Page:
History

Photography

In 2012 Alessandro Gibellini, an engineering student receives a Pentax K1000 as a gift from his father. Used to digital cameras, Alessandro is fascinated by analog photography. He buys film and starts shooting. At the time of development, however, he discovers that he loaded wrongly the film into the camera. Alessandro does not discourages and instead he decides to study the photographic process and its history starting from the darkroom.

Teachings

During his studies of the photographic process, Alessandro discovers monorail cameras and decides to build one in the 4×5 format because buying one will be too expensive.

Alessandro decides to swim upwards: instead of the quantity of digital photography, he favors the quality of analog photography. Thanks to his grandfather teachings, Alessandro starts to draw and build his first monorail models, the ancestors of the Gibellini cameras.

Prototypes

Alessandro transforms his house garage into a laboratory to make his dreams come true. For his first 4×5 monorail camera he decides to build the camera head using wood. As components, he uses aluminum plates cut and bend with a vise, while he builds the bellows using cotton and paper. To save money, he uses parchment paper as the focus lens, because opaline paper can partially stop light and helps to compose the image just like ground glass.

Sharing

Alessandro briefly stops his work on monorail camera prototypes and goes back to studying engineering, A year later he starts working again and decides to share his achievement online, posting on monorail camera and analog photography groups.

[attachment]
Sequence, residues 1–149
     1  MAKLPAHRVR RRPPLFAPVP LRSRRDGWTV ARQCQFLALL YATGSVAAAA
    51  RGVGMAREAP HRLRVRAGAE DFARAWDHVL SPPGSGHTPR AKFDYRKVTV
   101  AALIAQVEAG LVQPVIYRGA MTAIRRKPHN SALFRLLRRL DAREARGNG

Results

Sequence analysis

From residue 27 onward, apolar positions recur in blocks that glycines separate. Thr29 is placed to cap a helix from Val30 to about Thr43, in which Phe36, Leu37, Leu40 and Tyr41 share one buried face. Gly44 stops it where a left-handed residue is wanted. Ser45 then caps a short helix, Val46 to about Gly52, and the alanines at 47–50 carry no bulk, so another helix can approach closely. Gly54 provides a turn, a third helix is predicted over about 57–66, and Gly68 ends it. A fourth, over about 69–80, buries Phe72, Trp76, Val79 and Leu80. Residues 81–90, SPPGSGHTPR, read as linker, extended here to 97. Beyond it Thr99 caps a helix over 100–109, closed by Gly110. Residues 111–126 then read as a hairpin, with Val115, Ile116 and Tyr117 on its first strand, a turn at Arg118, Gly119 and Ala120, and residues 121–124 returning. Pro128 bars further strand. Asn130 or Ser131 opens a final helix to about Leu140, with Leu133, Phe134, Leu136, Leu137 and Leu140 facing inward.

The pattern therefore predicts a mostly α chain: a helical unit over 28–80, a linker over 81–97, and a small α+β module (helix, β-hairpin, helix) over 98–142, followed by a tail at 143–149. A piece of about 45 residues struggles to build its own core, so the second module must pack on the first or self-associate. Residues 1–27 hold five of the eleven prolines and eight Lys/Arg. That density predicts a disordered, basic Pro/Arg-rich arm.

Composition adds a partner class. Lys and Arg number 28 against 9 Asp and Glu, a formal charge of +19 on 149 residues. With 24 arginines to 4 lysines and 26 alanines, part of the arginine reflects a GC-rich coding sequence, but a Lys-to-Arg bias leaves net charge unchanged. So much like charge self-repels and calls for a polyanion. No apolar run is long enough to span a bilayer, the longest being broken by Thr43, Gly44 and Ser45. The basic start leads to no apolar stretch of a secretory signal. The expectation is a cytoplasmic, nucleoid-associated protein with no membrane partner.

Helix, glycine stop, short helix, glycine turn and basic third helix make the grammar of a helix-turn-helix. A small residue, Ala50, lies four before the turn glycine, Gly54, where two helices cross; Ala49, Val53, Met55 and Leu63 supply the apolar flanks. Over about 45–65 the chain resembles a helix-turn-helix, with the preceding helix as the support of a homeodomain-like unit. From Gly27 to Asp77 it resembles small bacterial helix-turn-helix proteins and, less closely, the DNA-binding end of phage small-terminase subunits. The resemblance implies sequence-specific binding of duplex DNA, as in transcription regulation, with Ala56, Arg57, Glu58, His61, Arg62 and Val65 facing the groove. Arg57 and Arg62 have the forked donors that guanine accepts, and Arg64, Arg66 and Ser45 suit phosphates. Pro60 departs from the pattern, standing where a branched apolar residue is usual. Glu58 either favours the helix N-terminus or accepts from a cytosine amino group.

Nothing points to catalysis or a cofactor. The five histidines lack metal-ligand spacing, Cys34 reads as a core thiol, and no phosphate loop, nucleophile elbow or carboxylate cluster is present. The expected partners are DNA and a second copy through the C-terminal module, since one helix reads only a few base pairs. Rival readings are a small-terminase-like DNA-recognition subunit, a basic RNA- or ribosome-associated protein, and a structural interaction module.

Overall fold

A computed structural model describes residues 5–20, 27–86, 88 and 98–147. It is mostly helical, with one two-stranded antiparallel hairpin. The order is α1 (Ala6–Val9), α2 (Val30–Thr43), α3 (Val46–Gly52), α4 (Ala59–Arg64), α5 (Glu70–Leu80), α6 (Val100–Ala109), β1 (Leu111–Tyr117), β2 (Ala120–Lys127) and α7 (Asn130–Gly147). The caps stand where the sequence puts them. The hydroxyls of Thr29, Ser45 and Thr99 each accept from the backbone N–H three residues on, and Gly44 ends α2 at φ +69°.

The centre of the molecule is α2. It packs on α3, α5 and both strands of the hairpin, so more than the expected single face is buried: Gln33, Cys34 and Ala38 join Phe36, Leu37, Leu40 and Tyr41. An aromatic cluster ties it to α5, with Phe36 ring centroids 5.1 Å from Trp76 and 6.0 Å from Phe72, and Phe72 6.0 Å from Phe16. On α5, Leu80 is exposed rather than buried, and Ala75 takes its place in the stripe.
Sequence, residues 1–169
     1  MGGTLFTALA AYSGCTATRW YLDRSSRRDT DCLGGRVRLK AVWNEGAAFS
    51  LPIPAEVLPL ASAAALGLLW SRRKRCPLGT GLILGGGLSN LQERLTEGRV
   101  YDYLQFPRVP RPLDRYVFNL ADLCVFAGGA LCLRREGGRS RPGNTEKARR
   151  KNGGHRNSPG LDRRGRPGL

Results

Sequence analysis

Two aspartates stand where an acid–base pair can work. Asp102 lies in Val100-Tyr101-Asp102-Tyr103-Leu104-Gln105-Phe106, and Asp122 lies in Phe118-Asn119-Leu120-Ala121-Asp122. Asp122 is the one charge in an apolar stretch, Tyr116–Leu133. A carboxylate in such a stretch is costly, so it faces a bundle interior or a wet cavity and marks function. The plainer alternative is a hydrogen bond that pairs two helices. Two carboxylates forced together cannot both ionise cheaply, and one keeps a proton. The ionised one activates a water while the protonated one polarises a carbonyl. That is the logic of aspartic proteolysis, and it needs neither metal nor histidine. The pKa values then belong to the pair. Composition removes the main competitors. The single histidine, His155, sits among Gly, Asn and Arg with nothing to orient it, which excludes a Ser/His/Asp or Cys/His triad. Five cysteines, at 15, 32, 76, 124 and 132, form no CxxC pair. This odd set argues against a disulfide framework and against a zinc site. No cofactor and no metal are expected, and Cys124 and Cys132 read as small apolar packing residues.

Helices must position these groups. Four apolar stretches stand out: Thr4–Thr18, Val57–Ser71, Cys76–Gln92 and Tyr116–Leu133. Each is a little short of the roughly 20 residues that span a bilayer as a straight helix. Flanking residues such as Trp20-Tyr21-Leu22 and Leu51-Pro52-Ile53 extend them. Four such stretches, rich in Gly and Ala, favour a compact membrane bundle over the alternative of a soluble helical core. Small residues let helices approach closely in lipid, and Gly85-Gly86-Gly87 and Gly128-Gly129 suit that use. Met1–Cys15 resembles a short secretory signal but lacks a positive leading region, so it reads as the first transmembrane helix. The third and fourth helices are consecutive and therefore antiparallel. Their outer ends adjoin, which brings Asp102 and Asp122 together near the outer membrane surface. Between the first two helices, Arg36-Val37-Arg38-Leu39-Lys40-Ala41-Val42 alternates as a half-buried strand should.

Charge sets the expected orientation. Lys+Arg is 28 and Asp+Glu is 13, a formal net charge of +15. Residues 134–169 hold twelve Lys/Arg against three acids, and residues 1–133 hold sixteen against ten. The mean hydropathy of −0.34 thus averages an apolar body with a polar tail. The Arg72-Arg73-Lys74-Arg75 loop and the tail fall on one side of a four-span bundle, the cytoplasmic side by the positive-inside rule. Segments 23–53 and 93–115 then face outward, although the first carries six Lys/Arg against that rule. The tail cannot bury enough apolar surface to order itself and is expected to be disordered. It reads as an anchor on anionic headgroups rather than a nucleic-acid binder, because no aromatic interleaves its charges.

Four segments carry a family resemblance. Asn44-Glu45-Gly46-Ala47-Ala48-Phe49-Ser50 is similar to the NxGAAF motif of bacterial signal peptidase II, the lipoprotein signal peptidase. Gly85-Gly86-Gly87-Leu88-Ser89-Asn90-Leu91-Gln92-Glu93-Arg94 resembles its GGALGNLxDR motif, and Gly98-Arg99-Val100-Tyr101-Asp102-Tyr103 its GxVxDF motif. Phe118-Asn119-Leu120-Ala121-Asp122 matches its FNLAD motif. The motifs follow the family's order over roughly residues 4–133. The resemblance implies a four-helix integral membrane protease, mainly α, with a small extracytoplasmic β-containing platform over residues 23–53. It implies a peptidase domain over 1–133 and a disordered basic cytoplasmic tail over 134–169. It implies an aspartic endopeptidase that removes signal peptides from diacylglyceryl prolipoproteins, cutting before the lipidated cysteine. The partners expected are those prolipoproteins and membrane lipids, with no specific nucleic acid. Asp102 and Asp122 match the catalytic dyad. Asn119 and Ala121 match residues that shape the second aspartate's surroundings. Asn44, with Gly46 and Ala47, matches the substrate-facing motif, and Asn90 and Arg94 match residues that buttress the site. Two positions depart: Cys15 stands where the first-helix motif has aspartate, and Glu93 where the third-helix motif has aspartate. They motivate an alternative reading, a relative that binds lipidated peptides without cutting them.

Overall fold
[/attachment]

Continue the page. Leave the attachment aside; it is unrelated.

Thanks to this, Alessandro manages to contact directly enthusiasts looking for the camera he is building. His prototype is a success online and he starts to receive requests to build personalized monorail cameras.

Requests

Alessandro receives the request to build larger monorail cameras than his 4×5 prototype. Since his garage has limited space, Alessandro needs to use every inch of space in his house, even the piano, to sketch on big papers. Moreover, Alessandro receives international requests and to save money he takes care of shipping.

For example, he drives to Berlin with his car to deliver a large monorail camera. In 2014 Alessandro experiments with new materials requested by his clients, like aluminum and brass. Since he does not have the tools to manage them, he starts working with external suppliers to whom delivers hand-drawn sketches for the monorail parts he needs.

Evolutions

Reached a certain level of success, Alessandro decides to invest his revenues to patent in Europe his wood and aluminum monorail camera design. Driven to a continuous desire to innovate and experiment, Alessandro starts working with Alain Mestadgh, a carbon fiber expert. Alessandro wants to use carbon fiber since it’s a very lightweight material.

Reached a certain level of success, Alessandro decides to invest his revenues to patent in Europe his wood and aluminum monorail camera design. Driven to a continuous desire to innovate and experiment, Alessandro starts working with Alain Mestadgh, a carbon fiber expert. Alessandro wants to use carbon fiber since it’s a very lightweight material.

Sassuolo

In 2015 Alessandro competed with his company at the business incubator contest “Entrepreneurship in Modena,” winning the first price for the mechanical sector.

Thanks to this achievement, Alessandro moved to bigger headquarters in Sassuolo: a 300 sqm loft which has been home to Gibellini Camera until 2017.

Sau

In 2017 Alessandro Gibellini started a partnership with SAU, a company committed to precision mechanics and quality tools engineering.

Believing in Alessandro’s project, SAU created the Luxury, Research and Style Department. Therefore in 2018 Alessandro moved Gibellini Camera headquarters from Sassuolo to Polinago, to lead both his company and the new SAU Department, where he can count on a skilled team and state of the art tools like CNC machines and 3D printers.